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Osaka girl carried huge emotional burden as young carer of mom with schizophrenia

Sachi Kitagawa (not her real name) is seen holding a diary her grandmother wrote of the worries she would express to her about living with her mother, in Kita Ward, Osaka, on March 6, 2020. (Mainichi/Yoshiyuki Hirakawa)

OSAKA -- For young carers, the care that they give isn't just a physical form of support. Osaka Prefecture resident Sachi Kitagawa (not her real name) looked after her mother, who has schizophrenia, from her elementary school days.

At the time she knew nothing about her mother's condition, which is often subject to prejudice, and Sachi spent a long part of her youth worried about the communication between her and her mother and the life that they led. Looking back on that time, she said, "When I think about it now, I think perhaps my mother tried as much as she could to fulfill the role of a parent."

Sachi Kitagawa (not her real name) is seen gazing at a street in Umeda, Osaka, where her mother used to take her around for long undefined periods of time when she was a young girl, in this image taken on March 6, 2020. (Mainichi/Yoshiyuki Hirakawa)

Late one night in January 2011 in Osaka's Umeda district, western Japan's busiest area, Sachi and her mother Miyuki (not her real name) were wandering aimlessly under the influence of Miyuki's schizophrenia. Sachi was in the first grade of junior high school at the time.

The pair went back and forth between department stores, restaurants and bathhouses, while Miyuki took them up and down the same street murmuring to herself. Usually when this happened they would return home once midnight had passed, often when Sachi had school the next day. There was a time when they suddenly got in a taxi and traveled approximately 130 kilometers away to the town of Kushimoto, in neighboring Wakayama Prefecture. There, her mother continued their walk just as before. Luckily they found a place to stay there that time, but there was nothing fun about their spontaneous excursion.

Sachi would wonder when these aimless trips would end, thinking with despair, "I can't take it anymore." It took some time before she came to think that perhaps it was just the only way her mother could communicate with her.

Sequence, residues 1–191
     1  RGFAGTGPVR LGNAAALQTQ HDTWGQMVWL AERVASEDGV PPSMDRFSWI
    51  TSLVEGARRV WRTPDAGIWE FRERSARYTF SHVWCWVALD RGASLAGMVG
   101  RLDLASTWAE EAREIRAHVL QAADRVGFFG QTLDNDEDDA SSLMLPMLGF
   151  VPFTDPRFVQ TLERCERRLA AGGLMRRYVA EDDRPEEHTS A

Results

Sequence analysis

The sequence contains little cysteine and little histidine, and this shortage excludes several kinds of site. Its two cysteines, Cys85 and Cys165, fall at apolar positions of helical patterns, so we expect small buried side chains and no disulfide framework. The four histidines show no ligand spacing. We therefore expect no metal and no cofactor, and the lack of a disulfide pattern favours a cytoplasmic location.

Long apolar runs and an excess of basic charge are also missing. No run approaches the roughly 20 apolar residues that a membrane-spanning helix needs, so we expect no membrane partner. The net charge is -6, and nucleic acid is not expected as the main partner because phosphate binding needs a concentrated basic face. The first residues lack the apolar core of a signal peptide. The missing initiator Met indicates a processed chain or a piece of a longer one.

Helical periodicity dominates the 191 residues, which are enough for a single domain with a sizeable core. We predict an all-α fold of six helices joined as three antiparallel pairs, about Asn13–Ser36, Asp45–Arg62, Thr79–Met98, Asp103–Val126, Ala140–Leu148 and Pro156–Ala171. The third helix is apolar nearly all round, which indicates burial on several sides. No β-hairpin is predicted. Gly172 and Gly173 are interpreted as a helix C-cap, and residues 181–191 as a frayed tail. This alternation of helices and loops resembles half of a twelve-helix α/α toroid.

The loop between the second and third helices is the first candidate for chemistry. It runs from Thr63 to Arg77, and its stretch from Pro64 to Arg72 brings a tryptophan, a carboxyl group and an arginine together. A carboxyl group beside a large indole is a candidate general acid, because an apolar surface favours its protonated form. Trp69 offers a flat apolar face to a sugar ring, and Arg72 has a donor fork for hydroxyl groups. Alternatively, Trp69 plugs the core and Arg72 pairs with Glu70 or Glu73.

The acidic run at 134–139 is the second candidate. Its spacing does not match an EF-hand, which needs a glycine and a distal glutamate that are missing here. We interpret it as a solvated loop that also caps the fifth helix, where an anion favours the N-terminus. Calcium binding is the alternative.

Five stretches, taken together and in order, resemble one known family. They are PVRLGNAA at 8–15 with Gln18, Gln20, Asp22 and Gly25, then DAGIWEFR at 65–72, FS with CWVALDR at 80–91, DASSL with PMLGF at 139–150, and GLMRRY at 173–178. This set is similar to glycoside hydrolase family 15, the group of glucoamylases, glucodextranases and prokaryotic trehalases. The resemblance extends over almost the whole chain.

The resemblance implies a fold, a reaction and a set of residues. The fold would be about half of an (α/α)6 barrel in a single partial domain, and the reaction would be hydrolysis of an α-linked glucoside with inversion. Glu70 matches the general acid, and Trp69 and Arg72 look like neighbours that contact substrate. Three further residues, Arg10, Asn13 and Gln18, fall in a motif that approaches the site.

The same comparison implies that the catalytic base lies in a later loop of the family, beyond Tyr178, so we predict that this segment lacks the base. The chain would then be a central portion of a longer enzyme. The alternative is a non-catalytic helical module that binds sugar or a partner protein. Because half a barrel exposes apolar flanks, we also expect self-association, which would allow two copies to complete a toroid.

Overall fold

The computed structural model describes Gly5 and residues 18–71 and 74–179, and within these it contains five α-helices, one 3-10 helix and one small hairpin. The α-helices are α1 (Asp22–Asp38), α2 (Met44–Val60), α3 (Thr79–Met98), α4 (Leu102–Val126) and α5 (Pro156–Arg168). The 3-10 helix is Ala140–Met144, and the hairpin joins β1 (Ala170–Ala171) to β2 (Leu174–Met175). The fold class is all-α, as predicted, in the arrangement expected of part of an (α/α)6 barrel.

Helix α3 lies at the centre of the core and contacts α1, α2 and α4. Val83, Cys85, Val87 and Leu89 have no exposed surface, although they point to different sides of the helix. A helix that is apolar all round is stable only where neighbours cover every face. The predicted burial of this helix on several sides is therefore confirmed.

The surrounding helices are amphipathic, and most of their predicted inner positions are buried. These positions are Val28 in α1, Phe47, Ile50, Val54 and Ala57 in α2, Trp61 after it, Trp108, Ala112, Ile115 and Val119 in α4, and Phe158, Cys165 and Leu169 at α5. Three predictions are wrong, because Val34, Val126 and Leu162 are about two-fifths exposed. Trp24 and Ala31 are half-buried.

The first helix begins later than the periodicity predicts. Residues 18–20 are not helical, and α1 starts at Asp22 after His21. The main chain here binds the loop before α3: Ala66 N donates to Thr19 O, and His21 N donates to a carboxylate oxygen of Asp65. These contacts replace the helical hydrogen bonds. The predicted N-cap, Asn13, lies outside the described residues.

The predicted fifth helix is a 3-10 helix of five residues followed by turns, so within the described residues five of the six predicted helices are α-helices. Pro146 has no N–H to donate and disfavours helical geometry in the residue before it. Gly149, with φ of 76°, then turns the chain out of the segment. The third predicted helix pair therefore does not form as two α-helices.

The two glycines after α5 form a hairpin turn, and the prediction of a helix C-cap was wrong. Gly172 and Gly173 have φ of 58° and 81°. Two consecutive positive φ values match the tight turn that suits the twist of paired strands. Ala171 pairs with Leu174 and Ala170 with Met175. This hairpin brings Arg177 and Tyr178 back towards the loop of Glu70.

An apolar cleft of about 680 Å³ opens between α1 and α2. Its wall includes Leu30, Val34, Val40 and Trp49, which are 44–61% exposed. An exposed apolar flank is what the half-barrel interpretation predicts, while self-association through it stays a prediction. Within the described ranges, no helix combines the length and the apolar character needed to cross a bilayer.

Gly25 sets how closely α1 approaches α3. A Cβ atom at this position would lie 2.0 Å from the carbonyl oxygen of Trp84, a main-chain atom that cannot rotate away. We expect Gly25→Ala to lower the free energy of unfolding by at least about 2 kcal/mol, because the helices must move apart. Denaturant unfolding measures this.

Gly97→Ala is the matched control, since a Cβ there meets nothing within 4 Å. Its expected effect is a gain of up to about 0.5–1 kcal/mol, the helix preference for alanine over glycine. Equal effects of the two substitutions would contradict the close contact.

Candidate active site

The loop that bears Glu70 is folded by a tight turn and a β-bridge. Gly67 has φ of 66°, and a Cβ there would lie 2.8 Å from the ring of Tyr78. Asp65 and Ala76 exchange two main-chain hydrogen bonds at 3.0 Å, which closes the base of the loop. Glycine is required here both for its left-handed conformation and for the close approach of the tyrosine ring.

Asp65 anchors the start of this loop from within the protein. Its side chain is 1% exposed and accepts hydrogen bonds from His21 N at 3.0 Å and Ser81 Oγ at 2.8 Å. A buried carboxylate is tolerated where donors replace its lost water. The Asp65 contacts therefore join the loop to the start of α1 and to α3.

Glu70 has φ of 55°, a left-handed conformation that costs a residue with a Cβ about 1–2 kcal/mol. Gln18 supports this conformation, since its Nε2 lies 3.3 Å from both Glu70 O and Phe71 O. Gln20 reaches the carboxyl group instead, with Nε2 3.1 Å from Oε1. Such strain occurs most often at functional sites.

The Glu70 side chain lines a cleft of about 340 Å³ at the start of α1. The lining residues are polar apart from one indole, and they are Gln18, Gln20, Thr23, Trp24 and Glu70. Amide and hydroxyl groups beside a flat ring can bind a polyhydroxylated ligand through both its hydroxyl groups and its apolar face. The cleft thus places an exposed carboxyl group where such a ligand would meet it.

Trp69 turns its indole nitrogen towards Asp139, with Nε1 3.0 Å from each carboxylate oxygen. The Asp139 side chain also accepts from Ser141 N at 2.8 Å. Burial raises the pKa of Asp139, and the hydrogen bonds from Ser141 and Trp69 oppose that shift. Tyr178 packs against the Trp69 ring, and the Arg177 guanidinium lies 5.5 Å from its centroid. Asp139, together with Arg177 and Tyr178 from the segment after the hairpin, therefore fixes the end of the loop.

Sachi Kitagawa (not her real name) is seen gazing at a street in Umeda, Osaka, where her mother used to take her around for long undefined periods of time when she was a young girl, in this image taken on March 6, 2020. (Mainichi/Yoshiyuki Hirakawa)

Sachi was born in the city of Osaka. Her parents began to live separately when she was a kindergartener, and she and her mother started living together. Miyuki had many hobbies and was often out of the house, including being busy playing in a volleyball team for moms of elementary school kids. At the time, Sachi was quietly proud of her mother and the close relationship they had.

But once Sachi entered her upper years of elementary school, Miyuki started to stay home in bed a lot. Sachi said that she first realized she felt uneasy about her mother's behavior when she was in the sixth grade. At that time, Sachi started to notice Miyuki talking to herself often in a low voice, and looking off into space and then laughing. Sometimes she wouldn't respond when Sachi called for her.

Sometimes she'd ask her mom if she was ignoring her. At that young age, Sachi didn't know anything about schizophrenia, and there was no one at home she could turn to and talk about it with. To try and drown out the sounds of her mother's murmuring, she would listen to music on headphones while she was home.

When Sachi started at junior high school, her mother's actions became even harder to predict. She stopped cleaning or washing clothes, and the cooking she used to be so good at ceased as well. Once Sachi got home from school, Miyuki would take her out to supermarkets, bathhouses and restaurants, among other places.